The problem for me is not that the players were punished for breaking rules. My problem is I think the rules should be reformed to make it easier for the players to know which end is up. Basically I am making the same argument people who are ague for a flat Federal income tax make. Instead of different levels of taxation, some say just make everyone pay the same rate. Where the NCAA rules are concerned instead of worrying about who is a booster or an ALC simplify it.

  • Spell out clearly what benefits are.
  • Establish family members as the only people who may give said benefits without limit
  • Allow former teammates to provide benefits up to a certain reasonable limit.
  • Benefits coming from anyone else are prohibited.
  • Establish dollar amounts to determine severity of violations, punishments and follow them to the letter.
  • Do not suspend for first time offenses unless the benefits are egregious or multiple in nature. Even then shoot for 10% of the season not 30% to half.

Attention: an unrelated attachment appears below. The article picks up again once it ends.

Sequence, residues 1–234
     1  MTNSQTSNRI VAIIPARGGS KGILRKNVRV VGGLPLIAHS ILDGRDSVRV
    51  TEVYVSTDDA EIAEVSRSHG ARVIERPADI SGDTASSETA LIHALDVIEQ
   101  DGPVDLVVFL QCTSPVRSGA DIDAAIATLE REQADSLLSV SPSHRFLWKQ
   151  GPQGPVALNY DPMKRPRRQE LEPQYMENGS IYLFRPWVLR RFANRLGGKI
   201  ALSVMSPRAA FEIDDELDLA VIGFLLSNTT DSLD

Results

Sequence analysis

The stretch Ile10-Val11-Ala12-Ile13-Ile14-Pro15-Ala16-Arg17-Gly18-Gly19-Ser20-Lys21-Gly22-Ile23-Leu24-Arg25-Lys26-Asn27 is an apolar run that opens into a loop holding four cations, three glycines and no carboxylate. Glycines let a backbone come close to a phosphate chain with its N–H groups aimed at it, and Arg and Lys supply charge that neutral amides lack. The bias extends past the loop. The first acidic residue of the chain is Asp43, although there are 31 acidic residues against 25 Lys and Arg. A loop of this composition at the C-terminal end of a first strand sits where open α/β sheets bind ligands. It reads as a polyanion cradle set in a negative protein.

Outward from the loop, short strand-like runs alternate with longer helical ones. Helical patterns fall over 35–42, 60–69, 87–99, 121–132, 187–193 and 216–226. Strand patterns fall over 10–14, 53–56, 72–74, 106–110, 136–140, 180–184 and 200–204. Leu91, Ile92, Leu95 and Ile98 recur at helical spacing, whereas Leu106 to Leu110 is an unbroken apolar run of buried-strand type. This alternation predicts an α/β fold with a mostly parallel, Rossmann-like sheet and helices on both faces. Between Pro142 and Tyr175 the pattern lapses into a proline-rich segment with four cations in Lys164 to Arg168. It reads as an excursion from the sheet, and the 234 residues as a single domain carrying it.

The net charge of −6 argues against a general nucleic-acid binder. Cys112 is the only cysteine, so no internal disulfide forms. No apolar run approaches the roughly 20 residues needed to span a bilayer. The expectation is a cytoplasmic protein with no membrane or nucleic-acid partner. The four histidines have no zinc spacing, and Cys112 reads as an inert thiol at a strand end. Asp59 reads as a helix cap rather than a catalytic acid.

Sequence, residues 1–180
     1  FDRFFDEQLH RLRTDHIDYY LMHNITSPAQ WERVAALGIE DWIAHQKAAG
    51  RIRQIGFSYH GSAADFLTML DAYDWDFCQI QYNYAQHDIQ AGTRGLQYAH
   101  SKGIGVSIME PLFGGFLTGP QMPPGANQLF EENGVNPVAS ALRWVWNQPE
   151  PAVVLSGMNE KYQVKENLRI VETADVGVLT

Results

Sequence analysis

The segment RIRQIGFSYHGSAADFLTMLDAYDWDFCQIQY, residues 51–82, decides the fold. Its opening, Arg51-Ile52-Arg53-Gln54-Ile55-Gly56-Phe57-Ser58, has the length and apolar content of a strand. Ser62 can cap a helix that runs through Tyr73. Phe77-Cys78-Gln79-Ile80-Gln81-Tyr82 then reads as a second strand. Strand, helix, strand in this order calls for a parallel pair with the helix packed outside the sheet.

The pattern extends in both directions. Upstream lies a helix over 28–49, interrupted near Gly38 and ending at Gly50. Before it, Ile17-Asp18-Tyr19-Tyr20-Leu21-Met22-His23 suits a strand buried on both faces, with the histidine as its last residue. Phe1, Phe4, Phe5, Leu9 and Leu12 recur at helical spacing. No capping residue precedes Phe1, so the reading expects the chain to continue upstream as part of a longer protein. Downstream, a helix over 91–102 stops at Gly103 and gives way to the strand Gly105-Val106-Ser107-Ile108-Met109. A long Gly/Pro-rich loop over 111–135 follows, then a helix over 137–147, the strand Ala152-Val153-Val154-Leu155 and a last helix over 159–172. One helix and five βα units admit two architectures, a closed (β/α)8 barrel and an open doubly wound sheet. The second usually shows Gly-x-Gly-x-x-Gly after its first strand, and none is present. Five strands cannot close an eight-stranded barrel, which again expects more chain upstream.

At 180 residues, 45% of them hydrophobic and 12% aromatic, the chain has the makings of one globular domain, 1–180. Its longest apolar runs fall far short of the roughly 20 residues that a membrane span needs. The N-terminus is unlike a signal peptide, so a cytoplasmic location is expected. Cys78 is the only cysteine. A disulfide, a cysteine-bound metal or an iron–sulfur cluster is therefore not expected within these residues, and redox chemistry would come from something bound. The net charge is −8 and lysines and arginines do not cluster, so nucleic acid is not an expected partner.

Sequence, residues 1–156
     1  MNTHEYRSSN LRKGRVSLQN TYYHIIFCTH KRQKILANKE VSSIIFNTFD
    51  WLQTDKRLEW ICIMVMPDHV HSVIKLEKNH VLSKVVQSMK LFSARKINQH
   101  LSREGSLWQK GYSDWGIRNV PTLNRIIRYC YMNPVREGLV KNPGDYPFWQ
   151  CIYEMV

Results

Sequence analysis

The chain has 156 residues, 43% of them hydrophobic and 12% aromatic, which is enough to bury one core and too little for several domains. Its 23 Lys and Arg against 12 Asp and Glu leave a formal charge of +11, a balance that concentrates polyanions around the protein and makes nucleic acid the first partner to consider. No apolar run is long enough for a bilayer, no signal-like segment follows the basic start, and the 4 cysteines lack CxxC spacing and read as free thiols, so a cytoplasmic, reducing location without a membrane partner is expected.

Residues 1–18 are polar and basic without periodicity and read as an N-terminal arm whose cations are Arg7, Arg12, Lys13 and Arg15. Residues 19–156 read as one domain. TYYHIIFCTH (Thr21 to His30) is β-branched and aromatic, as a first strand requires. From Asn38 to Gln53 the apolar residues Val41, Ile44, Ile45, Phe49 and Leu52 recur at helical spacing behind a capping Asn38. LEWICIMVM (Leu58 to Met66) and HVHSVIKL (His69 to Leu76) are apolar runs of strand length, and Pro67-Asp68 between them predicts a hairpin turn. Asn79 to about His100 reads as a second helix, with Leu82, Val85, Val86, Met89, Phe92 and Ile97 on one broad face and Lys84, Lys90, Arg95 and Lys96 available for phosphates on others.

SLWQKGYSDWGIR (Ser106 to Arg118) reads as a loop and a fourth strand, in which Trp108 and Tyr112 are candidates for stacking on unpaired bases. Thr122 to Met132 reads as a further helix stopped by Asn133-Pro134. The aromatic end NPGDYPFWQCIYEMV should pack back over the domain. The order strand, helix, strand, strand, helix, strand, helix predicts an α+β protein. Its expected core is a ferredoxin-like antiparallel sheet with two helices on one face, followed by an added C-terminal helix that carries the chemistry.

That would be like what, two pages? Heck you could fit the highlights on a card the player could carry in his wallet.

It is entirely possible I am missing something in the bigger picture. Having been a student-athlete I know how it works. Revenue sports athletes have an added element they have to deal with because of the professional leagues not to mention to grotesque amount of money being earned by the NCAA, the conference, school and their own head coach. Still, I just do not think it is all that complicated. I think it would be much easier to have simple, hard rules with some leeway built into them than the pages on pages of legalese not even the compliance office fully understands. To paraphrase Princess Lea, "The more you tighten your grip, the more schools will slip through your fingers." Severe punishments are meant to be a deterrent but when the punishments are arbitrary and lack transparency they lose their effectiveness. Every parent knows that if you drop the hammer on a child without making a clear explanation as to why the punishment fits the crime, the punishment is not helpful. Also, if the punishment for the same wrong varies from one day to the next then it confuses the child further. If the NCAA wants to be the parent then do what good parents do: Make it simple, consistent and merciful.